The economy of the island is mainly agricultural, with yams and grain. Due to the early settlers being from northern Portugal, the island's houses and streets resemble those found there. Portugal has a military agreement with France permitting France to have a base in the region. The island also has an airport.
Flores is a fishermen’s paradise. The craggy seashore gives them an endless number of fishing grounds where they can catch large bluefish bream, amberjack, conger eels, stone bass, grouper, mackerel, snapper and many others. But if the sports fishermen find abundant catch in Flores, underwater sportsmen have, in the depths, fringed by multi-colored rocks, abundance of animal and vegetable life, and, in the island's caves, the beauty of the underwater sea. For the same reasons the scuba diving has become an increasingly popular activity in past years, not only due to those wonderful sea conditions, but also due to the appearance of specialized and well-equipped diving centers.
Sail the Atlantic
Situated on the main route linking Europe and America, a growing number of yachts stop by Flores every, attracted by its geographical position, the quaint port of Santa Cruz, and the welcoming hospitality of its habitants. Flores thus constitutes, together with Faial, Terceira and São Miguel, one of the points of the quadrangle enabling visitors to enjoy cruises in Azorean waters.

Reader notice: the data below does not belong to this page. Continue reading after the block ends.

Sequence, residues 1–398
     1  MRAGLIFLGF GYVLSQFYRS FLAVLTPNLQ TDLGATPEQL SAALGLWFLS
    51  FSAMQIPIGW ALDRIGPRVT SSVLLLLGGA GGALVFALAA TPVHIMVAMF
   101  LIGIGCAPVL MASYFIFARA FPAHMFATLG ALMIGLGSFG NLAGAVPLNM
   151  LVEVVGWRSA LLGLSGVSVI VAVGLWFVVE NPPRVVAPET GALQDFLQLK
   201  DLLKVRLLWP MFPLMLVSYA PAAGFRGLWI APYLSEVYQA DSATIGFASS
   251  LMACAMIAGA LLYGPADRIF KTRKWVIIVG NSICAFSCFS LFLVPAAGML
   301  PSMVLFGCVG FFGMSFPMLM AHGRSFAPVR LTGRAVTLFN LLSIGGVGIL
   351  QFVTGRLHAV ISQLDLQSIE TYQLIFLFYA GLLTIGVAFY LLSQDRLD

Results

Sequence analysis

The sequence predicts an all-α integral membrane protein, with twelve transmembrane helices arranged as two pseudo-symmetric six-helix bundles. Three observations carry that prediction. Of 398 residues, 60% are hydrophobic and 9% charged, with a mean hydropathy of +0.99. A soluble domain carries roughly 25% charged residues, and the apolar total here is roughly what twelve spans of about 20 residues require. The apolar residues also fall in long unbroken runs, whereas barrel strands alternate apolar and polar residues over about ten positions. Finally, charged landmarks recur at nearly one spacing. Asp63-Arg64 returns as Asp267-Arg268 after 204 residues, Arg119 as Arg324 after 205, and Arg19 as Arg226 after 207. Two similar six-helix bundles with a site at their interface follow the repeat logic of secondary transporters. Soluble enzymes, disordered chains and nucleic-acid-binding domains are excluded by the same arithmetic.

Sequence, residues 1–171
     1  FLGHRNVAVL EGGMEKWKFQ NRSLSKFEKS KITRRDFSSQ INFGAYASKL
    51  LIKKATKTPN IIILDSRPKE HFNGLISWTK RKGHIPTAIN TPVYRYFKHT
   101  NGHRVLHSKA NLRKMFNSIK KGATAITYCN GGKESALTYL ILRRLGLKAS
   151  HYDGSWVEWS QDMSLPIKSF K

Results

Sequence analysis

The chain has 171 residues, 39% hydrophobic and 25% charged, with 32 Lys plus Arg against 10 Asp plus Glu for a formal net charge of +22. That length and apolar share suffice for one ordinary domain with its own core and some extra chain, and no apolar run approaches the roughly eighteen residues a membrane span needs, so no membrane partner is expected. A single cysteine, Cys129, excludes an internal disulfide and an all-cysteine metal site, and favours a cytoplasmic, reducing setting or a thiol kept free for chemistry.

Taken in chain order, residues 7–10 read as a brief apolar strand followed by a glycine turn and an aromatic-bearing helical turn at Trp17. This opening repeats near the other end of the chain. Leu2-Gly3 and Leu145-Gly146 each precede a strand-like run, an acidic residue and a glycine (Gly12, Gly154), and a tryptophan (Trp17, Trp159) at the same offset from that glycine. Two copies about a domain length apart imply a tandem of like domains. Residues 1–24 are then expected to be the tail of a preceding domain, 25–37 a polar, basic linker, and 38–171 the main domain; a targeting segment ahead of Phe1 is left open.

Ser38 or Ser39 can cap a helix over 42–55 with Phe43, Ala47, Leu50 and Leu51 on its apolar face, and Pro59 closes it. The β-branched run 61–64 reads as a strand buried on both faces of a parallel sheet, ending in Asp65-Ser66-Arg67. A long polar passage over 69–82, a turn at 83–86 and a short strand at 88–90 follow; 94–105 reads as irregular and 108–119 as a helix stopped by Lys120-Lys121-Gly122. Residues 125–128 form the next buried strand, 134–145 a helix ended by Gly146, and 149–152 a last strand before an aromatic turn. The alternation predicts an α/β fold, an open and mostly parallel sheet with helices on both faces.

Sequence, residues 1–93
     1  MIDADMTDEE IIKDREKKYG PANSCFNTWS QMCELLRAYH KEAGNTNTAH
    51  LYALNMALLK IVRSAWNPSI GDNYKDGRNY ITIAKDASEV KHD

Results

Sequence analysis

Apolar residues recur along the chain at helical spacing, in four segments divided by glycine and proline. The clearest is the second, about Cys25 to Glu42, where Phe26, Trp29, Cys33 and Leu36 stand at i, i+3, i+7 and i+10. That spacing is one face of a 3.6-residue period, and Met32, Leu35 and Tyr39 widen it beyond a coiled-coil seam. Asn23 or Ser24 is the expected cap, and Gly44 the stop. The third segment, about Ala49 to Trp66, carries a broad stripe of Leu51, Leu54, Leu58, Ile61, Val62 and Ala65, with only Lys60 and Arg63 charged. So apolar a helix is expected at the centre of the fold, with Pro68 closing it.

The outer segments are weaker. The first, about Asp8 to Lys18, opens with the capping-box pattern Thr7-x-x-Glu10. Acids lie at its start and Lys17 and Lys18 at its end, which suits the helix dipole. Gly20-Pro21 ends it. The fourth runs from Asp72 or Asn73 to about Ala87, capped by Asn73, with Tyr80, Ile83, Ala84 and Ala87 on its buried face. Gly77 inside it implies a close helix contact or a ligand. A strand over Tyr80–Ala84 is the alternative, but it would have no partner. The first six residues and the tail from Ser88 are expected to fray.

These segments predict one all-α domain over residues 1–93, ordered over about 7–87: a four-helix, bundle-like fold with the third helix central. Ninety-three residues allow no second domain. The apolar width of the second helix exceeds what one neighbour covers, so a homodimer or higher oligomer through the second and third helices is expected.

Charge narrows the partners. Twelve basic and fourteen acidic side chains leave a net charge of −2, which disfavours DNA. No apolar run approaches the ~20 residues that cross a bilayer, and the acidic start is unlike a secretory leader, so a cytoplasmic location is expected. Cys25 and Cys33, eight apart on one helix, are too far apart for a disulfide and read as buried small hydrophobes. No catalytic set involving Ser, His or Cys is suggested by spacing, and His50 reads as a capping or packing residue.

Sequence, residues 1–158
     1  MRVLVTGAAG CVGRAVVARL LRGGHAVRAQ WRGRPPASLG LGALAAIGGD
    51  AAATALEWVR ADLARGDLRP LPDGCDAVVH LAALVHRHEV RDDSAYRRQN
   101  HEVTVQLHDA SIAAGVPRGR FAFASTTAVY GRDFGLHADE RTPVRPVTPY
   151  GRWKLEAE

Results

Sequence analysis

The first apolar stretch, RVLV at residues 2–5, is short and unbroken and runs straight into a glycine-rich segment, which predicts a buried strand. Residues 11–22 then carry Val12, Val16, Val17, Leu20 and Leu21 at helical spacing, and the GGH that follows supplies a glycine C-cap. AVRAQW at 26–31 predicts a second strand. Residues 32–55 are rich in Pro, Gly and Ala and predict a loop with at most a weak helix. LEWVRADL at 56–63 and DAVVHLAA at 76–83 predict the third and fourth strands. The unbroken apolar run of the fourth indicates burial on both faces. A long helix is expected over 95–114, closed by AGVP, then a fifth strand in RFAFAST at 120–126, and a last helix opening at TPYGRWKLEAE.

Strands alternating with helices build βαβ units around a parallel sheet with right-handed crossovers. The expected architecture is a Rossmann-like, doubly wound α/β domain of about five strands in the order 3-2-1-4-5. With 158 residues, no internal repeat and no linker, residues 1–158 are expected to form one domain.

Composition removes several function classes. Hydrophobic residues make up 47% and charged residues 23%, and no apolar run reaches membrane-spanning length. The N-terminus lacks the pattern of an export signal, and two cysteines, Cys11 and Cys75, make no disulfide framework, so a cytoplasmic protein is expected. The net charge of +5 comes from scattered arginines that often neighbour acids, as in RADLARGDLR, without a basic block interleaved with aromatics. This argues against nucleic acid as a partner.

The streams and fishing
The swiftly flowing streams, whose sparkling waters enhance the landscape of Flores, are also a paradise for fishermen, who can catch delicious trout in them. Main fishing areas are in the streams of Moinhos, Alem Fazenda, Fazenda, Silva, Urzela, Grande and Lake Lomba.
Swimming, sailing and water activities
Clear waters and lapping pebble-covered beaches await swimmers along the coast of Flores, particularly in the area of Lagedo and Castelo (Ponta dos llheus), Fajãzinha, Ponta do Albarnaz and Cedros. Santa Cruz, Lajes and Fajã Grande have natural swimming-pools. Flores also offers excellent conditions for practicing sailing and windsurfing on the natural indents of the coast.